Monique Mbelu, Nicholas Maina, Emerance Lukwasa and Germaine Mwari at the recent launch of the International Garden. Photos: Clare Keogh

A world renowned garden

A new Cork project has been launched and promises a safe space for families in Direct Provision.

The International Garden Centre at Ardfoyle Convent in Ballintemple is a green space in which families can grow food from their own countries.

Green spaces in cities are becoming increasingly recognised as a key driver in health and wellbeing. Gardening is a universal language, allowing people to connect, including those with little language in common.

As a pilot project, it started with 7 migrant families who have played a key part in setting up the garden project therefore creating a sense of ownership which is central to the notion of a ‘safe space’.

Families can participate in the garden activities, and this addresses the child-care barriers to participation in activities or learning which is a persistent barrier at the Cork Migrant Centre as it is in other settings.

When speaking about food that is specific to their countries, each of these families become the cultural expert on how it is grown, cooked, and preserved for re-growth. They can grow it and share it. It fosters the celebration of ecological and cultural diversity.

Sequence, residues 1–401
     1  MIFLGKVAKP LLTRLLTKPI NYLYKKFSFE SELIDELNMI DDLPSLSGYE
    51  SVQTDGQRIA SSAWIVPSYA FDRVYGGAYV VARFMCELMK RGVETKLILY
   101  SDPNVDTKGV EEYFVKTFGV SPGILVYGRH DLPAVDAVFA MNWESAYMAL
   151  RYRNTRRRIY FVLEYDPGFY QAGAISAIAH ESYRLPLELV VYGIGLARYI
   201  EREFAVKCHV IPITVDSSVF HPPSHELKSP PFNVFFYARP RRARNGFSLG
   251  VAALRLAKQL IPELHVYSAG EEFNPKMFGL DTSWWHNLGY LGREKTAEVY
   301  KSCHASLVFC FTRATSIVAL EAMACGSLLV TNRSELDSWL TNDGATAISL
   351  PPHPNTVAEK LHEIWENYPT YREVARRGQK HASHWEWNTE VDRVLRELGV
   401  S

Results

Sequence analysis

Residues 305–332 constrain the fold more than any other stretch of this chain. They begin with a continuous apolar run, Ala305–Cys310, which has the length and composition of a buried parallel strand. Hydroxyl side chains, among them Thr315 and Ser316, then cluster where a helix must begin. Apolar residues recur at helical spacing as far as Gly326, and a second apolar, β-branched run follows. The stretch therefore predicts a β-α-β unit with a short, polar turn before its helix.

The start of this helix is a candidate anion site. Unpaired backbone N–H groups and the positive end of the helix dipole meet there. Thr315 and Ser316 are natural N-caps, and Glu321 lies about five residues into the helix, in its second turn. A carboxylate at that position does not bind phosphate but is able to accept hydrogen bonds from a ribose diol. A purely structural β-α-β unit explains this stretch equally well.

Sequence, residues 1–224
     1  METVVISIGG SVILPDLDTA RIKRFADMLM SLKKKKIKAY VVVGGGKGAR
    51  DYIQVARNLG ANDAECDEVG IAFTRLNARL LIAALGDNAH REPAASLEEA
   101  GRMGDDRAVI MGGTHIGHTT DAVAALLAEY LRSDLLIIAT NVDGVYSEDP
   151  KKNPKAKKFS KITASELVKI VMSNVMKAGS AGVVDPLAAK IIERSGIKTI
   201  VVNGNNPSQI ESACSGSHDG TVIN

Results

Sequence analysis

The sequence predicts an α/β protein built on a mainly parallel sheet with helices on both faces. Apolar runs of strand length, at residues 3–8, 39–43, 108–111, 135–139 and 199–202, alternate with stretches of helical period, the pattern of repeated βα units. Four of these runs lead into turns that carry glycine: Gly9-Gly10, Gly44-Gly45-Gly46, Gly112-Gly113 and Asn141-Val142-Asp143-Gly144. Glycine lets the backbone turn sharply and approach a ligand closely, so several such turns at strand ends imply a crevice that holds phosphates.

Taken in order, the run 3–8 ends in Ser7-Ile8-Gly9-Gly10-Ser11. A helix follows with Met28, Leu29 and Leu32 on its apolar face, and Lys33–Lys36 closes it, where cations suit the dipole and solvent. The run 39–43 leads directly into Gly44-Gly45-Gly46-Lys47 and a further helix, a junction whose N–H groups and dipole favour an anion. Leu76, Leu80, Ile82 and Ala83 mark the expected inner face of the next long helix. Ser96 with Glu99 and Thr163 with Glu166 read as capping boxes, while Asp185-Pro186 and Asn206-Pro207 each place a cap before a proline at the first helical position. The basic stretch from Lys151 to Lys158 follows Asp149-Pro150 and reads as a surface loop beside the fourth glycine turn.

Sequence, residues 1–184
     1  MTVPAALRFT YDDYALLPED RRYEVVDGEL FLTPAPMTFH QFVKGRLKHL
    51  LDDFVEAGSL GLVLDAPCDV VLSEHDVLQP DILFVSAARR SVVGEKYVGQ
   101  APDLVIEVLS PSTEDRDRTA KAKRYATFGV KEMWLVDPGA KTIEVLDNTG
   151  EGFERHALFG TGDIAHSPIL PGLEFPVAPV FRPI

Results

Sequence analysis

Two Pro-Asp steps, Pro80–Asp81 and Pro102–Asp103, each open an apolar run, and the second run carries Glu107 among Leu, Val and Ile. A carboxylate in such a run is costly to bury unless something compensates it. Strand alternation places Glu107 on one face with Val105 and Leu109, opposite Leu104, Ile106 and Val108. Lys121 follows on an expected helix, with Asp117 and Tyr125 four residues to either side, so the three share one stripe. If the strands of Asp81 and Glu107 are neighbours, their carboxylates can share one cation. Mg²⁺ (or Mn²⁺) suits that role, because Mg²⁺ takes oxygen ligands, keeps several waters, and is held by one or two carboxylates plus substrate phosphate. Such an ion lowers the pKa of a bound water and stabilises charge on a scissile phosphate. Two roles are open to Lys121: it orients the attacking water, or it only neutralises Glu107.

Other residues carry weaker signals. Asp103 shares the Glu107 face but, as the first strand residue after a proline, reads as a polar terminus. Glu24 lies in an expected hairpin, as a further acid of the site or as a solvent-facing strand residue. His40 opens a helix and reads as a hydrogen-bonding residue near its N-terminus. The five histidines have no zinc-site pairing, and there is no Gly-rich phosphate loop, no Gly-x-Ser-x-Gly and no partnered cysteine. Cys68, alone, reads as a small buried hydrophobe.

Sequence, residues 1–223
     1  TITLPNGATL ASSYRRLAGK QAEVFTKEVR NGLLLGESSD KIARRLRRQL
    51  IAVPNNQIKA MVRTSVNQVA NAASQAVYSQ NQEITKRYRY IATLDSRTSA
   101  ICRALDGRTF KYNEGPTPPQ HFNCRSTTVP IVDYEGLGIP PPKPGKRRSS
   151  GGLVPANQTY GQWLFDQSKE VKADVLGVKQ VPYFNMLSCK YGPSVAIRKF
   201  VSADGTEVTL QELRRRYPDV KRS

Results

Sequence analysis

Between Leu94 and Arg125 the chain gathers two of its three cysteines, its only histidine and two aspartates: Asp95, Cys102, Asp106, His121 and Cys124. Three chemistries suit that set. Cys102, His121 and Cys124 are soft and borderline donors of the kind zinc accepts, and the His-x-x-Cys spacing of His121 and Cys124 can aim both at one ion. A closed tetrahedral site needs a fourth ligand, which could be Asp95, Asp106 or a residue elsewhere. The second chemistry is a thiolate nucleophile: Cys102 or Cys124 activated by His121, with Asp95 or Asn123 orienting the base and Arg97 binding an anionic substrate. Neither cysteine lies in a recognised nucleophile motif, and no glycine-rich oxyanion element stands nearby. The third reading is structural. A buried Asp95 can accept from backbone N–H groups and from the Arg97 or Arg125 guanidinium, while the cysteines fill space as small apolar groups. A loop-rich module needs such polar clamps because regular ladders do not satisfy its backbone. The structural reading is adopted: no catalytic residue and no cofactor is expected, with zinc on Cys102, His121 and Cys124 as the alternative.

The garden was set up in collaboration with partners and collaborators from various corporates and other organizations like SHEP, Ardfoyle College of Horticulture, Johnson Controls Cork, Remitly Cork, Green Spaces for Health, Community Garda, Cork City Council Social Inclusion office and UCC. Apple International Cork has just recently joined the partnership too.

The garden was set up earlier this year and currently the families have had 2 to 3 harvesting sessions of various food products.